One of the first things people notice about Journeyman is often the vertical garden and large glass window standing out against the brick and the parking lot. The wooden wine crates and foliage add a backdrop for our diners that is unique in Boston, and its plumbing pipe structure provided a blessed structural support for the restaurant during difficult times.
Guests often have questions about about each plant we grow and whether we use any of them in the dishes they eat. Our garden is in constant evolution, and our answers to these questions change frequently; in order to give those answers and that evolution some context, I’ve decided to write out the story of the garden’s beginnings.
In the spring of 2010, before Journeyman was open, Diana started our initial plantings on her home porch, those first plants included a number of micro greens and herbs from seed (like mache, tatsoi, Mexican mint marigold, summer savory and lemon basil), and many of them thrived in the summer sun & rain that year. Some were in temporary containers from which we’d transplant the seedlings, but many were in the wine cratesalready. When the restaurant construction was winding down in the late summer of 2010 and we were almost ready to open, we carefully drove every crate and every seeding to the restaurant, hauled them up our library ladder to their new homes, and fastened them in place.
The micro greens and herbs did well throughout the fall but the shorter days of winter made for a difficult growing season. Over time we changed our repertoire from edible greens like red veined sorrel and bright lights chard to ferns, succulents and heartier house plants.
When Journeyman was hit by a car in the summer of 2011, we were forced to temporarily abandon our garden. When we reopened that August, we lovingly named the new installation — which used some of the original crates, and all the original pipes, but none of our original plants — “Garden version 2.0.” We took the garden re-boot as a chance to improve our planning and planting. We took out some of the original thirty-six crates to let in some light and added more hanging plants. We planted more of the things that seem to thrive in the ebb and flow of temperature and light in our window, like borage, nasturtiums and morning glories.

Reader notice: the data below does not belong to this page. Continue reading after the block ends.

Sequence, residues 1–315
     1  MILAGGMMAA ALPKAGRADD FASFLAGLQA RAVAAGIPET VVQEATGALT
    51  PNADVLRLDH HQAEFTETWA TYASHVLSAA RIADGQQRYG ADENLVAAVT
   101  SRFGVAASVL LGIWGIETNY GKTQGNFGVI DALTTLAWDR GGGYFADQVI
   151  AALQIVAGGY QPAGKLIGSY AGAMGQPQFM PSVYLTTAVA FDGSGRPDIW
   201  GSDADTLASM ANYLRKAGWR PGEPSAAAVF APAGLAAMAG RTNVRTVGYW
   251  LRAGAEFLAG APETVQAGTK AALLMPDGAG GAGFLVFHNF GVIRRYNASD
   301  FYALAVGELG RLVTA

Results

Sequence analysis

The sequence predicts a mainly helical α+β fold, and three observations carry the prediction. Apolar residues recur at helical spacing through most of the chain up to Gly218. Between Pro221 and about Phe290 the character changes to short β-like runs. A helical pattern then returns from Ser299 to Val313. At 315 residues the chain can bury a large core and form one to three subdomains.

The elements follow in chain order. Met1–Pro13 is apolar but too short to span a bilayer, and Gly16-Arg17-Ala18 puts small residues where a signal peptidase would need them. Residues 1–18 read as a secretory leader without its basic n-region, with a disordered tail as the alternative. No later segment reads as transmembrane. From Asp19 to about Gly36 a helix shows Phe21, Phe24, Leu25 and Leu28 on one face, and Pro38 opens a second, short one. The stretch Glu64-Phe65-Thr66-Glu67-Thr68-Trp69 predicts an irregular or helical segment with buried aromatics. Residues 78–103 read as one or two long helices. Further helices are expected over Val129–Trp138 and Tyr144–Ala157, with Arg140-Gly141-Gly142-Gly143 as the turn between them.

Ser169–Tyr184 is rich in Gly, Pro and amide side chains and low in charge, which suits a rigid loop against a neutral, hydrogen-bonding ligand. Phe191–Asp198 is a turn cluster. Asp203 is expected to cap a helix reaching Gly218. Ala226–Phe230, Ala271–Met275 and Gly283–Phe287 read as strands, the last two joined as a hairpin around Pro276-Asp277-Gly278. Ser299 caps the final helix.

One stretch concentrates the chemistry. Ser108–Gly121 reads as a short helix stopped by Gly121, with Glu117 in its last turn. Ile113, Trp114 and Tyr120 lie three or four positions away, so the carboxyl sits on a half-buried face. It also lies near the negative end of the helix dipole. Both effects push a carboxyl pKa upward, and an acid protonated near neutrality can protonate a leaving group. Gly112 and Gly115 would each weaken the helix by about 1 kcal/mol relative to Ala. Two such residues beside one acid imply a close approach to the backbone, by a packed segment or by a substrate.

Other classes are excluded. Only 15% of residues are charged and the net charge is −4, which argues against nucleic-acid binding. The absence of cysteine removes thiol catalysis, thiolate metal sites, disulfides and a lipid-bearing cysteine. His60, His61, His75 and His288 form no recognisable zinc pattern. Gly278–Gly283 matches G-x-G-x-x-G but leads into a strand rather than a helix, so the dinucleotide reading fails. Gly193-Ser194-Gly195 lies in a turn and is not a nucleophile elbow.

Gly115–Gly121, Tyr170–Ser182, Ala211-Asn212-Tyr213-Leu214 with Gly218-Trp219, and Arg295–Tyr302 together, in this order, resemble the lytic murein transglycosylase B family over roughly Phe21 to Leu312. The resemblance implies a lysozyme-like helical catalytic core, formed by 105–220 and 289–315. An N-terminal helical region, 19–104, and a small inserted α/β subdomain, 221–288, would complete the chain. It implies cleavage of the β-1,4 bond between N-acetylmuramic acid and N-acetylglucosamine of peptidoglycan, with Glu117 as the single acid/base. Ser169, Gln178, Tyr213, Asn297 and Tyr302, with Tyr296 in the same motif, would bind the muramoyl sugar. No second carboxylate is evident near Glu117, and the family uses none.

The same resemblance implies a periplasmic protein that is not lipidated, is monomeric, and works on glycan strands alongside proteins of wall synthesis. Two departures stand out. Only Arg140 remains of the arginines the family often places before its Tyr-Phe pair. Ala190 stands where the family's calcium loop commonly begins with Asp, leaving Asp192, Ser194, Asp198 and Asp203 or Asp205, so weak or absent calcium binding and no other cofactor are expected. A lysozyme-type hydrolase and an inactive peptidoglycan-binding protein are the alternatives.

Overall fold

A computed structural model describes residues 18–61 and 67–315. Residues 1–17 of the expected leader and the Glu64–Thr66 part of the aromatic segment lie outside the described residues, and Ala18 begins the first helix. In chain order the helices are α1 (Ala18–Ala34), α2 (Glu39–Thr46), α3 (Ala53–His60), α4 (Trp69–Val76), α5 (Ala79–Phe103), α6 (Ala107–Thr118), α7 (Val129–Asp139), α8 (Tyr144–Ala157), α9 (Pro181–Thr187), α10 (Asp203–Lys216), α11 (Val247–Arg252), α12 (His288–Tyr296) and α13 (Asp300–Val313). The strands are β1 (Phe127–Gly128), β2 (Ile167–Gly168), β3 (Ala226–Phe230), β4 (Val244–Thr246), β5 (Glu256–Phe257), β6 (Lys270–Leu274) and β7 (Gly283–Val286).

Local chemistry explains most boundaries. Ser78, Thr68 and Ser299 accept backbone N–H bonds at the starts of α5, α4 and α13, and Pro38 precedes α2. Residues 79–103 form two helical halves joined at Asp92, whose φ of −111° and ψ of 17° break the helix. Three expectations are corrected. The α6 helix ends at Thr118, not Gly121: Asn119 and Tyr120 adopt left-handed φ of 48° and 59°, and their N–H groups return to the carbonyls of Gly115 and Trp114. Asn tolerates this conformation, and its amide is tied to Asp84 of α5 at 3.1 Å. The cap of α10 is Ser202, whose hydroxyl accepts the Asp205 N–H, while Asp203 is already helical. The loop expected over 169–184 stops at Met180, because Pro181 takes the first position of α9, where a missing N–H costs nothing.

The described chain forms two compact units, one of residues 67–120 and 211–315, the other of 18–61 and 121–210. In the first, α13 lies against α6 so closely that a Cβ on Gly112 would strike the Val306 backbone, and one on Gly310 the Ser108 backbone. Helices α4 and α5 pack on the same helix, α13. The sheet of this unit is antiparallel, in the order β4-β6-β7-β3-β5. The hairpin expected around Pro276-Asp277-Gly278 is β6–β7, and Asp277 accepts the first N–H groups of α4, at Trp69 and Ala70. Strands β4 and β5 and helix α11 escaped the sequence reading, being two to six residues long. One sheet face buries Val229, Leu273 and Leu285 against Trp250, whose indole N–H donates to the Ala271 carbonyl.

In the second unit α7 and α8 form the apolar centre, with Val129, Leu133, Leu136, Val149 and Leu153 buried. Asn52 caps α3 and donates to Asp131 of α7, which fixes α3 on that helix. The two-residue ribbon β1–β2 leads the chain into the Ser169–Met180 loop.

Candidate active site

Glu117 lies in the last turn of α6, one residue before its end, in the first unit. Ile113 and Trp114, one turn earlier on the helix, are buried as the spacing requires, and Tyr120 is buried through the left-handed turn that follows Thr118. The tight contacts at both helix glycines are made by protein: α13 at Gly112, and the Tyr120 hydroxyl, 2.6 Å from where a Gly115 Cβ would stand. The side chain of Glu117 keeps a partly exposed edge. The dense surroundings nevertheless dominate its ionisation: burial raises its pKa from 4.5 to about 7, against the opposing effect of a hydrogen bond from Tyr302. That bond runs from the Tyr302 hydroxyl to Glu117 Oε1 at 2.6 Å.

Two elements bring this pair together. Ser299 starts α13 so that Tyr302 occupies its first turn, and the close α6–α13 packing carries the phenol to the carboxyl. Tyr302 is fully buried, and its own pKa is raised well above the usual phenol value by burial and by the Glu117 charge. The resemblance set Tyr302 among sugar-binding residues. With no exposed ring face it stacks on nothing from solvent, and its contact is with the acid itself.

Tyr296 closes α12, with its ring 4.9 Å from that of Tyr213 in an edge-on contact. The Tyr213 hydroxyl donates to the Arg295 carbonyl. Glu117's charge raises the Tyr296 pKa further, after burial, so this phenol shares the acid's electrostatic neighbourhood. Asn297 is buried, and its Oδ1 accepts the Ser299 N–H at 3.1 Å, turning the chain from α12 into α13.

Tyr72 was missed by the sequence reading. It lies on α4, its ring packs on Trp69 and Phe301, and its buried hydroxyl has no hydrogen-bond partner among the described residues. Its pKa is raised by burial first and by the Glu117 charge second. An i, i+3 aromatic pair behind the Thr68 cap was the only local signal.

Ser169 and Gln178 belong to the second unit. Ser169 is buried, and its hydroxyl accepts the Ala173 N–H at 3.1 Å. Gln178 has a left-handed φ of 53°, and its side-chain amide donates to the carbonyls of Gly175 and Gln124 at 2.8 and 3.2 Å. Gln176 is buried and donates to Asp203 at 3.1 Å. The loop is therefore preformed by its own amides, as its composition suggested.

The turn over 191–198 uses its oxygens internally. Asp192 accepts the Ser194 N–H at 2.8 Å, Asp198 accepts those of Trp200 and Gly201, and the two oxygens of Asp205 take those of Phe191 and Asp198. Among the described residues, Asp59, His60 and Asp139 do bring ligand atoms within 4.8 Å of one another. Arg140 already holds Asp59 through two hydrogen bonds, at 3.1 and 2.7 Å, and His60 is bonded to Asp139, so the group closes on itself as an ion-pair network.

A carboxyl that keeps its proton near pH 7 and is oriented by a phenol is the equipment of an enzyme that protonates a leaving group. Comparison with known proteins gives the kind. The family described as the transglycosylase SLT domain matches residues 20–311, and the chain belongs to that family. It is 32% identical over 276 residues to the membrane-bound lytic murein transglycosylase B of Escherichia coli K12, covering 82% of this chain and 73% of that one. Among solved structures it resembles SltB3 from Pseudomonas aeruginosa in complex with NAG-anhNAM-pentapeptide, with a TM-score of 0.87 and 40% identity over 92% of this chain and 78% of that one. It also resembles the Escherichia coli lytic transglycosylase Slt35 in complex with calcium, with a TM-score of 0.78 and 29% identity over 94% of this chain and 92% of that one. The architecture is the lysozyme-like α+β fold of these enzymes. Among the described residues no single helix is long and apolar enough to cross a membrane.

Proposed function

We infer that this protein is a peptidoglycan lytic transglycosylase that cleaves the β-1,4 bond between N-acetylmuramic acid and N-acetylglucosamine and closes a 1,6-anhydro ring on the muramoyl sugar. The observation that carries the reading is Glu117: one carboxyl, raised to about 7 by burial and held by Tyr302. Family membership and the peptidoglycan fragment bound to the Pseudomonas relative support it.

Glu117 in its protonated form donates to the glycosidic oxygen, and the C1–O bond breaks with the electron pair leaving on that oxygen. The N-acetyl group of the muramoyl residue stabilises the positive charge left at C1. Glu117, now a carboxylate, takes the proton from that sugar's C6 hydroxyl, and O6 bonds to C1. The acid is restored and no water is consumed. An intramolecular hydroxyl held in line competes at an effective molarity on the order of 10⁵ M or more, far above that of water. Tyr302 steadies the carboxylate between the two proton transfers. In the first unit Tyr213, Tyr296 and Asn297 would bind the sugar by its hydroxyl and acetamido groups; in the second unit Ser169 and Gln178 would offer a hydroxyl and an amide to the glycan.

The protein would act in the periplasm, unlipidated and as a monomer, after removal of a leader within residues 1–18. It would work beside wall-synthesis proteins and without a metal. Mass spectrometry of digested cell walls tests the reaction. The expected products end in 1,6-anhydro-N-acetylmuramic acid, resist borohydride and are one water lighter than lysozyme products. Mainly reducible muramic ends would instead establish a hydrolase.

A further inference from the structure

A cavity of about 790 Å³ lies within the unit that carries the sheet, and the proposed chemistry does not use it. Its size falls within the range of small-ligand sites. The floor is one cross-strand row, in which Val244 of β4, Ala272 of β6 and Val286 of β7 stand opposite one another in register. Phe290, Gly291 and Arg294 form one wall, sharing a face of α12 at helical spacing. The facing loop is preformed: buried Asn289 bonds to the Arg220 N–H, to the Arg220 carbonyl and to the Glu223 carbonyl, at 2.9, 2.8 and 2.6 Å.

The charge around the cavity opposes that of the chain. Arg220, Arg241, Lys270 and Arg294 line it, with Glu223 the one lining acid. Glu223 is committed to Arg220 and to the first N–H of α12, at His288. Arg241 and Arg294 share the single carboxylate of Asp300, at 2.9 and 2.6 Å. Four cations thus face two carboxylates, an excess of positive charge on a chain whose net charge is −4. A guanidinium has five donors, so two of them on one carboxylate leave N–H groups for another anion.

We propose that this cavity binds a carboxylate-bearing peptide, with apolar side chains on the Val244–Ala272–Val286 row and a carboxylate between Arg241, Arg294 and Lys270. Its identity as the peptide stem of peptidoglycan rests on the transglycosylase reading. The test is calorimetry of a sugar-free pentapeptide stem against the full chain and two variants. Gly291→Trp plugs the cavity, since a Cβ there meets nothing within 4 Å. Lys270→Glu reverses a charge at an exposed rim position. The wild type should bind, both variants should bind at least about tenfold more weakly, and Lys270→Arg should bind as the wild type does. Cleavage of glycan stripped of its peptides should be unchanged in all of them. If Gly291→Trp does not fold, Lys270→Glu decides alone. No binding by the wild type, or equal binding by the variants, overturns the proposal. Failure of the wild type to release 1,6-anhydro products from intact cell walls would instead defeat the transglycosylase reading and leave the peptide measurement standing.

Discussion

As the Journeyman gardener, I try to pay attention to what guests, chefs, and other staff say they would like to see growing in the windows. I have been asked to plant things that “look like aliens” and have had requests for venus fly traps registered as well. Diana & Tse Wei brought Roosevelt, their bonsai-like rosemary plant, from home. The nasturtium leaves that drape luxuriously over the window boxes are edible as are the striking purple blossoms from the borage plant that taste faintly of cucumber.
My background as a pharmacist lends me a fascination with medicinal plants, the vinca vine growing on the top row is actually the basis for a number of chemotherapy drugs. We had rue growing last fall, which besides making a very interesting infusion in vodka, has been purported to cure most “ills of humanity.”. For now and until the days get longer, we have a type of elkhorn fern, lemongrass (thank you, Ronnarong!), vinca vine, the ever indestructible pothos, nasturtiums, morning glory, borage, christmas cactus, sage, rosemary, hen and chicks, pyrethrin, wormwood and eucalyptus.
Right now most of the edible leaves and micro greens you see on the dishes are not coming from the window boxes, but once Spring rolls around, we will see the kitchen staff up on the ladder with scissors, pilfering from the garden again. With more sunlight and warmer temperatures, a lot of our edible seedlings will have a better shot at survival.
I am always happy to give “garden tours” to any curious guest and always appreciate advice or suggestions as well. I will even buy a drink for any person who can find me a venus fly trap.